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Hue’s five iconic garden houses get facelift
Update: Monday, September 24, 2018
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More than 3.6 billion VND (nearly 155,180 USD) has been spent to restore five “nha ruong” (old garden houses built with wooden beams and pillars) in Phuoc Tich ancient village, the central province of Thua Thien-Hue.

The move is part of the province’s project to safeguard and promote the values of Hue’s iconic garden houses this year.

After the restoration is completed, the management board of Phuoc Tich ancient village will discuss with owners of the historic houses about how to clean them up and improve their landscape design before they are opened to the public, said Doan Quyet Thang, the management board’s deputy director.

The wooden houses are also expected to serve community-based tourism and be used for homestay services, he added.

Phuoc Tich, 50km from Hue City, is one of only two ancient villages in Vietnam recognised as national cultural-historical relics.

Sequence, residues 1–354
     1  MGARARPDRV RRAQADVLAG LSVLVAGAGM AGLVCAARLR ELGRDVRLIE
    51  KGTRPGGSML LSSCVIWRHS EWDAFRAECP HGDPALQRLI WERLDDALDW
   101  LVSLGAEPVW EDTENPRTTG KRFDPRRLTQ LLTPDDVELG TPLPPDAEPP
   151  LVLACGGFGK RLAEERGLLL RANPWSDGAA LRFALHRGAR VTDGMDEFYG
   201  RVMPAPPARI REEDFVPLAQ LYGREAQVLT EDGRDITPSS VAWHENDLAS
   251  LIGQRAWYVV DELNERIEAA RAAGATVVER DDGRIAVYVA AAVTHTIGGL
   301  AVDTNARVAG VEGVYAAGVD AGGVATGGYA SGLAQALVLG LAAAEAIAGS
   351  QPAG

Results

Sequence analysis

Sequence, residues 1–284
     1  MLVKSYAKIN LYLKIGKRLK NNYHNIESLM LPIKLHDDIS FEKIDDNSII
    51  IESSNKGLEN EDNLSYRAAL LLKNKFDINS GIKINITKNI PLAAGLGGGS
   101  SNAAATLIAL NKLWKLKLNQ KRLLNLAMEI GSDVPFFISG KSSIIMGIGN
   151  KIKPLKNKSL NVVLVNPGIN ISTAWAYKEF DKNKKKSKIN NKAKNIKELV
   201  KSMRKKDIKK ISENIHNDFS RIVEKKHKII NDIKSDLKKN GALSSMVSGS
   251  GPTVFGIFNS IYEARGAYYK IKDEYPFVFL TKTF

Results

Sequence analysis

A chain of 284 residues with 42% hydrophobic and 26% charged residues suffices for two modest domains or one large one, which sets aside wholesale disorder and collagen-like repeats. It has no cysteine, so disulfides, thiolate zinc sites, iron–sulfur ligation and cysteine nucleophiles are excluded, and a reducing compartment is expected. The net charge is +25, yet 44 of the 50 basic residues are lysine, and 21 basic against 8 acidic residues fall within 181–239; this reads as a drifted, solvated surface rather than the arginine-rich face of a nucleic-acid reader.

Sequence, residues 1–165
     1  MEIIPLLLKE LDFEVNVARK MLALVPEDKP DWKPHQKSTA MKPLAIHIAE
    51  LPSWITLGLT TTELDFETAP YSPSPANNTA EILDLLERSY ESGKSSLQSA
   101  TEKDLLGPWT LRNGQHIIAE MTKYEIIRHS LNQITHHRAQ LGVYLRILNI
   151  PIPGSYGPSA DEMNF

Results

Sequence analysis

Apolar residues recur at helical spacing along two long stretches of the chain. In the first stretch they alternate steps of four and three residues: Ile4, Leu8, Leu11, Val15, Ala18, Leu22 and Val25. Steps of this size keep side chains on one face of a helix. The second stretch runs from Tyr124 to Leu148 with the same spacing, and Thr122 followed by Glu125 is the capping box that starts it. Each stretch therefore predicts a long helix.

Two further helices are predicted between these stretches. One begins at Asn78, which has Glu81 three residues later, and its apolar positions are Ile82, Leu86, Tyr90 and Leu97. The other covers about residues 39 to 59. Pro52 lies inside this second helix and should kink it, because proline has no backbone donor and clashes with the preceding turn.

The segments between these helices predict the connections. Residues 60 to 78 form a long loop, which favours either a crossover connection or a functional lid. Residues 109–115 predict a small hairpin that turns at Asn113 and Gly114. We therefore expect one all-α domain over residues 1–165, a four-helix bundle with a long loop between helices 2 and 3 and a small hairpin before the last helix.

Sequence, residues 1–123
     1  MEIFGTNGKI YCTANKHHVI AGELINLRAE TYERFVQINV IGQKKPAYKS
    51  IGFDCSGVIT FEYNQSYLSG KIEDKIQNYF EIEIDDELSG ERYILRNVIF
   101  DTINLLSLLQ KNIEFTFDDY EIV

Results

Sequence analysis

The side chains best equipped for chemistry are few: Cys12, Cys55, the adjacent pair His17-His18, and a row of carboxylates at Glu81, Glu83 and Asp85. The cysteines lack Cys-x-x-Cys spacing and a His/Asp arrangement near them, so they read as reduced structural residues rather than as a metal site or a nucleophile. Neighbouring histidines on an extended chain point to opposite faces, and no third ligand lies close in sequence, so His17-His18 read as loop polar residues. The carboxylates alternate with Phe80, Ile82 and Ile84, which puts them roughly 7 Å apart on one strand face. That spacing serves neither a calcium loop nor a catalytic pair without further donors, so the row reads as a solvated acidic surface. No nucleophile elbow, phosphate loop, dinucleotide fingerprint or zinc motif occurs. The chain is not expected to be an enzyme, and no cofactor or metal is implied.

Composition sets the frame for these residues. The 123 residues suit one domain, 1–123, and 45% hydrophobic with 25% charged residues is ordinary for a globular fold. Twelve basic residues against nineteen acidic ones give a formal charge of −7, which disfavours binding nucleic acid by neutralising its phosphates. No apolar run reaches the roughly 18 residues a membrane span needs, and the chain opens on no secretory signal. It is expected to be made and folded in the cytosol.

Located at Phong Hoa commune in Phong Dien district, the village was formed under the reign of King Le Thanh Tong (1460-1497) with the initial name Dong Quyet and subsequently renamed Phuoc Tich during the Nguyen Dynasty (1802-1945).
 
It was also named a national architectural and art relic site in 2009 by the Ministry of Culture, Sports and Tourism.

It has maintained its traditional pottery craft through the centuries.

Families in the village have earned a living from making ceramics for the past 500 years. Phuoc Tich ceramics used to be very famous, and they were once selected for use by the Nguyen kings. 

Phuoc Tinh also boasts 26 century-old houses carved with sophisticated patterns, which have invaluable architectural and cultural values. 

These ancient wooden houses were built with three compartments and two lean-tos, surrounded by a garden with rows of green tea bushes serving as the fence and a brick-covered courtyard. Many of them are now in very poor condition, requiring urgent restoration.

There are seven garden houses in Phuoc Tich currently engaged in tourism, four of which provide homestay services. The village welcomed nearly 2,700 visitors last year.

By 2020, the province aims to restore a total of 25 “nha ruong” in the village.

Source: VNA